July 28 (Bloomberg) -- “Life in a Day” opens with a shot of the moon and closes with a picture of a snail.
In between, we see people sleeping, brushing their teeth and praying. A baby giraffe is born, a cow is slaughtered and elephants frolic in a watering hole. A Korean man rides his bicycle around the world and an American woman shows off her stitches from a cancer operation. A young couple walks down the aisle in an Elvis-themed wedding and an elderly couple renew their vows to celebrate 50 years of marriage.
The 90-minute film, directed by Kevin Macdonald (“The Last King of Scotland”) and produced by Ridley Scott, was compiled from more than 80,000 YouTube videos shot in 192 countries on the same day -- July 24, 2010.
Asking amateur videophiles to chronicle their everyday lives and then turning all that footage into a compelling film proves to be problematic. For every striking scene, there are a dozen mundane ones. It’s like searching for the prize in a cereal box.
Macdonald tries to organize the documentary by assembling montages of similar activities and themes, but that quickly gets old. Other sequences include people answering broad questions such as “What do you love?” and “What do you fear?”
The answers are mostly predictable, though one young man confesses to loving his refrigerator above all else.
The film’s participants have ambitions, big and small. The globe-trotting bicyclist wants to unite the two Koreas and a sad-looking young girl yearns for meaning in her life.
Much of the movie is lighthearted or uplifting, including a segment in which a bedridden Australian man thanks the hospital staffers who took care of him following his heart operation. There is one deeply disturbing scene of a cow being shot with a stun gun before having its throat slashed.
Matthew Herbert and Harry Gregson-Williams provide the evocative soundtrack and editor Joe Walker had the thankless task of winnowing 4,500 hours of footage.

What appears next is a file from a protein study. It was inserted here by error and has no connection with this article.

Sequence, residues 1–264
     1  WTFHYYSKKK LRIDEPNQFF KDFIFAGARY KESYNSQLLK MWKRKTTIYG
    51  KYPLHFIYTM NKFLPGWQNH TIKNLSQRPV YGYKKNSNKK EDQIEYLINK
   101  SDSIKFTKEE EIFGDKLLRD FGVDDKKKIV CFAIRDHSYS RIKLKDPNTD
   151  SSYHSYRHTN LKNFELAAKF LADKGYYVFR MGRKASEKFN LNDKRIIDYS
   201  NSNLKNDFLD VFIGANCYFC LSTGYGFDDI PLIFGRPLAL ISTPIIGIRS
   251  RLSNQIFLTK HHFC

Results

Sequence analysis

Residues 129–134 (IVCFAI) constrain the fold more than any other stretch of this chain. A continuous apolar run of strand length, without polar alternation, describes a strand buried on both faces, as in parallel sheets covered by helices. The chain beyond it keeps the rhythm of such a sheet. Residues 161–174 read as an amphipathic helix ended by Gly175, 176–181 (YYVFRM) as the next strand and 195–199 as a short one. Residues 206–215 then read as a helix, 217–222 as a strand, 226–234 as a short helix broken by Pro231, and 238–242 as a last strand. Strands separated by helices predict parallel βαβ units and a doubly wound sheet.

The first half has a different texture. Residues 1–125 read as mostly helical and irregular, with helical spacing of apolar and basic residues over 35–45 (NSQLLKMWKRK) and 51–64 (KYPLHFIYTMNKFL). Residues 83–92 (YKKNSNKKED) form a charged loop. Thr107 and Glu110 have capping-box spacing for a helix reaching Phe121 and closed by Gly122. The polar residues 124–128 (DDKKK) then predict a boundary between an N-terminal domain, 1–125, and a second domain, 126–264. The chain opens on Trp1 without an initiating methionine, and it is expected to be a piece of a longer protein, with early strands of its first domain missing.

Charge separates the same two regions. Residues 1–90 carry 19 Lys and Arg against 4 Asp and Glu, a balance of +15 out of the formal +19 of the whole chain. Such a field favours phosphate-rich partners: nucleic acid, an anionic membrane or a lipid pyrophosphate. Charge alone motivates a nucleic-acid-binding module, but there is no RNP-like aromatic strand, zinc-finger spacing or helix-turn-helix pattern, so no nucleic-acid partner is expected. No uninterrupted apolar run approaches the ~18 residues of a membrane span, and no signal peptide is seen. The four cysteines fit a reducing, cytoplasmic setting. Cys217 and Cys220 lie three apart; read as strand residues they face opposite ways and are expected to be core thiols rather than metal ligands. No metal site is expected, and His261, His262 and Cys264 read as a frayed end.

“Life in a Day,” from National Geographic Entertainment, opens tomorrow in New York, Washington, Chicago, Los Angeles, San Francisco and Seattle. Rating: **
In the “The Guard,” a cynical Irish cop and an upstanding black FBI agent try to take down an international drug-smuggling ring that has infested a small town in County Galway.
The odd couple is the focus of John Michael McDonagh’s offbeat black comedy, but the movie is filled with eccentric characters and strange plot twists that hold your attention, even when the thick Irish accents are hard to understand.
Brendan Gleeson sparkles as Sergeant Gerry Boyle, a poker-faced veteran policeman who hires hookers, makes crass racial jokes and treats authority figures no better than criminals. His straight man is Wendell Everett (Don Cheadle, ever reliable), whose preppy background and urbane manner defy Boyle’s stereotypes.
Other standouts are Mark Strong as a bored mobster, Liam Cunningham as his philosophy-spouting partner and Fionnula Flanagan as Boyle’s dying mom. There’s also a lively soundtrack by Calexico, an indie rock band not known for Irish jigs.
“The Guard,” from Sony Pictures Classics, opens tomorrow in New York and Los Angeles. Rating: ***
What the Stars Mean: **** Excellent *** Good ** Average * Poor (No stars) Worthless
(Rick Warner is the movie critic for Muse, the arts and leisure section of Bloomberg News. Opinions expressed are his own.)
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